Military Governor's Barracks (ETW building)
|Military Governor's Barracks|
|Turns to build:||5|
Military Governor's Encampment
Barracks provide more than simple housing blocks for regular military forces. The buildings also serve to remind the local people who is in charge.
They are a statement in brick and stone that the military are present to defend the state and keep order. Usually constructed around a drill square, they are a carefully segregated military world deliberately kept apart from the civilians beyond. The walls present a blank, defensible, and intimidating face to the outside world. It can be important to keep troops away from the assorted temptations of flesh and the bottle. Civilians also harbour unsuitable, unmilitary ideas of disobedience and disloyalty – there must be limits to what an army can permit its men to think!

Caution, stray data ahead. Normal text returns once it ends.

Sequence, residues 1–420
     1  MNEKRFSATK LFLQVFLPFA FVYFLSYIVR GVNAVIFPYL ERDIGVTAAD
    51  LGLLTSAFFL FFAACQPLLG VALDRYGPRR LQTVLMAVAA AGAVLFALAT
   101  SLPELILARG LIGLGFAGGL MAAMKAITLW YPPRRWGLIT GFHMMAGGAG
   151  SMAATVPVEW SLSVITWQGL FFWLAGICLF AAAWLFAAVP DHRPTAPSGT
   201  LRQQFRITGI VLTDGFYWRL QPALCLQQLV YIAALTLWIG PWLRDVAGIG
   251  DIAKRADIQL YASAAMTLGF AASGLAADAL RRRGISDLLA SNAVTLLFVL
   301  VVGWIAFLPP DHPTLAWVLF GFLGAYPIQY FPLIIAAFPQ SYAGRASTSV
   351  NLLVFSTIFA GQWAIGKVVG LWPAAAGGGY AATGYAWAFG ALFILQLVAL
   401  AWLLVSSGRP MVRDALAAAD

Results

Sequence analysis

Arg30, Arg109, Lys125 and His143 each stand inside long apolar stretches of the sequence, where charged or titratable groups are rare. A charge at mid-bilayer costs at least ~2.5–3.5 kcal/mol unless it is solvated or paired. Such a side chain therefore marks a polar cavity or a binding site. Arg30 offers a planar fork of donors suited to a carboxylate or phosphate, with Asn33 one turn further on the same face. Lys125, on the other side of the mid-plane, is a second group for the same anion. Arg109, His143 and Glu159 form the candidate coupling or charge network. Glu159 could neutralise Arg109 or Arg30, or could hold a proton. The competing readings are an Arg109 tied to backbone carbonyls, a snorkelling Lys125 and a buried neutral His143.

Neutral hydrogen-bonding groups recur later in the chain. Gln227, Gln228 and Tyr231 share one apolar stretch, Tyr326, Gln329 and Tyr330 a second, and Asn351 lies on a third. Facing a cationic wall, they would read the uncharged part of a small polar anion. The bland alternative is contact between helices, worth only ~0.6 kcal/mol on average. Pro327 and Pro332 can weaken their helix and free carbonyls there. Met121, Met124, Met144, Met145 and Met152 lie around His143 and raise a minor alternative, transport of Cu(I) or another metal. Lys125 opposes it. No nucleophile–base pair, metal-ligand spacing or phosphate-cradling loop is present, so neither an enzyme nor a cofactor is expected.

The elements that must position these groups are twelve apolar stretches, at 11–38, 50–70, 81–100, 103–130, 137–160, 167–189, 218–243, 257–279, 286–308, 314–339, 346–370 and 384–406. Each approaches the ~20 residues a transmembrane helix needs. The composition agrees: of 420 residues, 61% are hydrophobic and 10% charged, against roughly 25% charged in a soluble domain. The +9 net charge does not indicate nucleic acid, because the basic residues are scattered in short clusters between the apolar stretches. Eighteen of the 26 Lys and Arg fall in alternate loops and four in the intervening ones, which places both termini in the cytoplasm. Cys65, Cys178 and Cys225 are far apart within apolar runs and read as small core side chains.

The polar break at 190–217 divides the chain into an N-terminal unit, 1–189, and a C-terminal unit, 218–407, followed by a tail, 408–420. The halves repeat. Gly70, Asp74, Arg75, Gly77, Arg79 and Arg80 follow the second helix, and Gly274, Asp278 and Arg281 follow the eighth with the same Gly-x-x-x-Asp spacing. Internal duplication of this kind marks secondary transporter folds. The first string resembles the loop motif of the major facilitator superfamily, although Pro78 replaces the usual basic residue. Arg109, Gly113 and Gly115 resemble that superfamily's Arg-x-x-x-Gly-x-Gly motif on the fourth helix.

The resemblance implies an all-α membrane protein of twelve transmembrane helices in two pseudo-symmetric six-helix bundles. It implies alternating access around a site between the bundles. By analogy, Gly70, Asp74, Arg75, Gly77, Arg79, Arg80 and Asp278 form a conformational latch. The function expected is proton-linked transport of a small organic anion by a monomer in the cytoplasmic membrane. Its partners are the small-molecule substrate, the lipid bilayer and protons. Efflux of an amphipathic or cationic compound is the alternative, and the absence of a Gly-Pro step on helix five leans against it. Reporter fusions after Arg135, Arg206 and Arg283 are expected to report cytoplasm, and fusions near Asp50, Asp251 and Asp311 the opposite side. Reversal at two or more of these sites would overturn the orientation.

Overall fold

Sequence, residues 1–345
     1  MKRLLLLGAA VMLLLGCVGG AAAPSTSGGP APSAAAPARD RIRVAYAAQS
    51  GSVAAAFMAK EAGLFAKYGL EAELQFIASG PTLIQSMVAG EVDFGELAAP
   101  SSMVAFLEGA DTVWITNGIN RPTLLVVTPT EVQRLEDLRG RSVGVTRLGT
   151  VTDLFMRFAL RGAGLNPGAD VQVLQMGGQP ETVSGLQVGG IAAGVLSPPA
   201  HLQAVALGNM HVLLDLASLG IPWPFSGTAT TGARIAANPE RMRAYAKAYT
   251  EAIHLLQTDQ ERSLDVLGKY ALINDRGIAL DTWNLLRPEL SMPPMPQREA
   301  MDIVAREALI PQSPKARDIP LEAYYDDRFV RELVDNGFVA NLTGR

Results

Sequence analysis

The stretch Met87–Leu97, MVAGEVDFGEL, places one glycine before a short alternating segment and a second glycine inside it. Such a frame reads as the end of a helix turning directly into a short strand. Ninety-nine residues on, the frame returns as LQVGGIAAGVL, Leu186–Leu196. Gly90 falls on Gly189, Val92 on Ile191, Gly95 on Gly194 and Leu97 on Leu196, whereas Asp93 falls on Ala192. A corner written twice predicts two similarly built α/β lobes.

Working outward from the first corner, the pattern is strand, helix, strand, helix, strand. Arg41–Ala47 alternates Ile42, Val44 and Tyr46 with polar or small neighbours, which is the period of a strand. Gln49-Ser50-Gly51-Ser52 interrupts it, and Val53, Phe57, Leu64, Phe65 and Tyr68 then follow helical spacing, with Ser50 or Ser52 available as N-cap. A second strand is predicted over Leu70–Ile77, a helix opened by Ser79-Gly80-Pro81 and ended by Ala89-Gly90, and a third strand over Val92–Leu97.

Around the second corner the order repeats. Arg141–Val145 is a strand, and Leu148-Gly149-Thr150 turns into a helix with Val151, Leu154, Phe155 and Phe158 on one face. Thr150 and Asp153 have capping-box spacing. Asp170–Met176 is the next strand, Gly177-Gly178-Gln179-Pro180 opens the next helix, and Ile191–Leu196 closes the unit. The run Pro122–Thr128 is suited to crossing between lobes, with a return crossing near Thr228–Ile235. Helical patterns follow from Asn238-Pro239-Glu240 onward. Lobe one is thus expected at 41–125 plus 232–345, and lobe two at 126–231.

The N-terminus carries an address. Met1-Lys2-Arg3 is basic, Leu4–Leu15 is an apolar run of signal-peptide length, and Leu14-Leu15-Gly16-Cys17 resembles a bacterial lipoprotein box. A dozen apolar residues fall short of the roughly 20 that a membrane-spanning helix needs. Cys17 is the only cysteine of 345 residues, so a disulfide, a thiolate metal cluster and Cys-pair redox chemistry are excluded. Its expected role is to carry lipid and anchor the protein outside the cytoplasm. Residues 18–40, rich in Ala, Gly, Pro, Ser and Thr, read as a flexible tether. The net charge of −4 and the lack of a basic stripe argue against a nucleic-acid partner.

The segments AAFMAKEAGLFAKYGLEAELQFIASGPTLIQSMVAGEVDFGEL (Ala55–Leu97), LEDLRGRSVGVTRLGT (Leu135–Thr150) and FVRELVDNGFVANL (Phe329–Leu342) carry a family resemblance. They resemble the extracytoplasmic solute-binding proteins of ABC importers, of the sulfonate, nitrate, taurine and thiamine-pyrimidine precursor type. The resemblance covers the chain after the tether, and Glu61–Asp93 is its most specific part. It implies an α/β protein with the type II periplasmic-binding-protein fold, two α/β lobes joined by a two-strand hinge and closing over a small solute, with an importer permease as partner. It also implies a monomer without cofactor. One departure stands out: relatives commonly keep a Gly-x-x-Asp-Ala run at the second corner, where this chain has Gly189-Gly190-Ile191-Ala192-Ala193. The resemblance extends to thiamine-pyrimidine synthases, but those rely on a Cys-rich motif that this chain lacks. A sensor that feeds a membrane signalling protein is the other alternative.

Historically, in Europe the fashion for building barrack blocks seemed to mirror the fascination with the Classical World of Greece and Rome. Among its other achievements, the Roman army had standardised designs for military buildings; armies in the 18th Century began to be similarly standardised. Governments employed good architects too: Nicholas Hawksmoor, for example, built the garrison barracks at Berwick-upon-Tweed for the British government. He was almost the equal of Sir Christopher Wren in talent if not in lasting fame, and produced many fine churches to replace those lost in the Great Fire of London.